Interview With Joshua Fleitas: Master of Elementary Education
Why did you decide to pursue an Master of Elementary Education Degree?
I decided to get my Master’s degree in education because I wanted something more out of life. I thought I would be a great teacher for a number of reasons. In the office, I had positive and memorable experiences as a mentor to junior creative employees. Also, I grew up with a mother who is an excellent teacher. Lastly, I used to head a daycare classroom at the YMCA and had fond memories of my time doing that.
What is your primary area of interest within the field of education?
Within the field of education, I’m most interested in working with under-served students who aren’t yet totally jaded and help them tap into their potential for greatness. I want to help foster confidence and self-respect in students who aren’t exposed to such qualities in their everyday lives.
Which Masters in Elementary Education Program Did You Select?
The MSEd program I attended was at Hunter College in Manhattan, specifically for urban elementary education, grades 1-6. It was typically a 3 year graduate program that I completed in 2 years by loading-up on classes full-time and taking Summer courses. I took out the maximum student loans I was able to. I also worked part-time as both a substitute teacher and a personal support worker for The Kennedy Center.
What did you like about the program?
There were a number of things about the program at Hunter College that I liked. My educational psychology classes were demanding, yet simultaneously eye-opening and stimulating. I learned a great deal in a short amount of time. Likewise, my teaching mathematics course was fascinating, though math is a subject I’ve never liked. My professor for that course, Bob Gyles, was a brilliant teacher whose passion for teaching, learning, and mathematics was utterly infectious.
What did you not like about the program?
Some of the required courses seemed pointless and I didn’t take much away from them. My Diversity in Education class was taught by an ex-radical who rambled endlessly about his past and had very extreme ideas about education and America. Additionally, the Educational Foundations class I took was given by a young, first-time teacher, whose style was to let us teach each other as she sat back and “moderated”, albeit usually silently. Thus, none of us were engaged nor learned much, other than how to take a topic and whittle it down into a 20 minute lecture that we’d give to each other.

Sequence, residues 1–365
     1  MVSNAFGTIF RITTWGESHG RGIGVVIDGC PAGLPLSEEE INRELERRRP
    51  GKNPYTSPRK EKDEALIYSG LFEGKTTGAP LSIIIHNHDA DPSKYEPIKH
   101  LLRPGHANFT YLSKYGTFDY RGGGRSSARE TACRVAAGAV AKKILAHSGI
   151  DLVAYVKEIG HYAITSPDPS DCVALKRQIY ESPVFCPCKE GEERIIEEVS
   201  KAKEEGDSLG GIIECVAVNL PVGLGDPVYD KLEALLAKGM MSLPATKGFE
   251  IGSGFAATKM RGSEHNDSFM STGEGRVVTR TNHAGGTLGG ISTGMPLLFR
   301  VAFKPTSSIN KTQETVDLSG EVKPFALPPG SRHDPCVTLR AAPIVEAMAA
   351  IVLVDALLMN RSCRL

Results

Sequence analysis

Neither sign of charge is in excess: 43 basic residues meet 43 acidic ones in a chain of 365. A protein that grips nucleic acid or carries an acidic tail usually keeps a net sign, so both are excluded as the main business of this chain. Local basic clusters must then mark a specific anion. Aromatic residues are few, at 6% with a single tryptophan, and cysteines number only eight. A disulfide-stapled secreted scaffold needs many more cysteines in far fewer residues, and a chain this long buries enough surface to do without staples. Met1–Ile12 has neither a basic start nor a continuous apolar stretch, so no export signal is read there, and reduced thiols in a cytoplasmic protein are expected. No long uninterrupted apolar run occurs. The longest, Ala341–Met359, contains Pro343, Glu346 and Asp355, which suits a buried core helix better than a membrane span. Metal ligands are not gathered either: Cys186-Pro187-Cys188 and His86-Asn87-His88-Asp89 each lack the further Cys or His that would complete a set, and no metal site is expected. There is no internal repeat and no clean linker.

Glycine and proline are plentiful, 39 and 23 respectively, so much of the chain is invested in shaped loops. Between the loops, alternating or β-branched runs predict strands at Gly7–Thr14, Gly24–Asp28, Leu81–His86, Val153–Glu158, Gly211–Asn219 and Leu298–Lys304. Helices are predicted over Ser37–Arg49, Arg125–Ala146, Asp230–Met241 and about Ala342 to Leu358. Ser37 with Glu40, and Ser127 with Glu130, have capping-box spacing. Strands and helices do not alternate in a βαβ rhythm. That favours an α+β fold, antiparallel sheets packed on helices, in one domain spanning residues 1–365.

Were you employed while taking classes? If so, how did you manage your time?
As previously mentioned, I worked part-time during grad school as a substitute teacher and for the Kennedy Center in CT. I worked on my days without classes, and the income these jobs provided was minimal, which meant that I still had to take out all the student loans I was able to in order to afford my education. If I was too busy with school work, I was able to refuse a day of subbing in order to study, and the Kennedy Center job allowed me to pretty much choose the hours I’d work.
What should a student look for when choosing an education program?
I think the first thing a prospective MSEd student should look for is the state of employment for where they wish to work once they graduate. I graduated in the Spring of 2009, and I have yet to find a job teaching anywhere in or near the city. Due to the hiring freeze at the NYC Department of Education, my peers and I have been unable to secure job. This leaves me with significant student loans to pay off. I’ve even applied for every charter school teaching position I could find, to no avail. Consequently, I would not recommend going to graduate school for a MSEd if you want to teach in NYC. The jobs are simply not available.
What do you intend to do with your degree?
I wanted to use my degree to teach, but that’s just not happening right now, so I really do not know what I will do with it. Eventually, perhaps I’ll move to a new area to find a good teaching job. For the time being, however, I’m going to continue to work in advertising, where my skills and experience always seem to be in demand.
Did you make use of your school’s career services office during your job search?
My school’s career services office was not very helpful for graduates who wanted to be full-time elementary education teachers. Part of that has to do with the fact that there really aren’t any new jobs for teachers who aren’t already employees of the DOE. The career services office sends me emails occasionally, but they are never for jobs that apply to me, unless I want to be a teacher’s aid or work part-time. Usually they’re just forwarded emails that the office gets sent, and many times they’re for jobs that I’m not even qualified for, such as ones that require at least 2 year’s worth of classroom experience.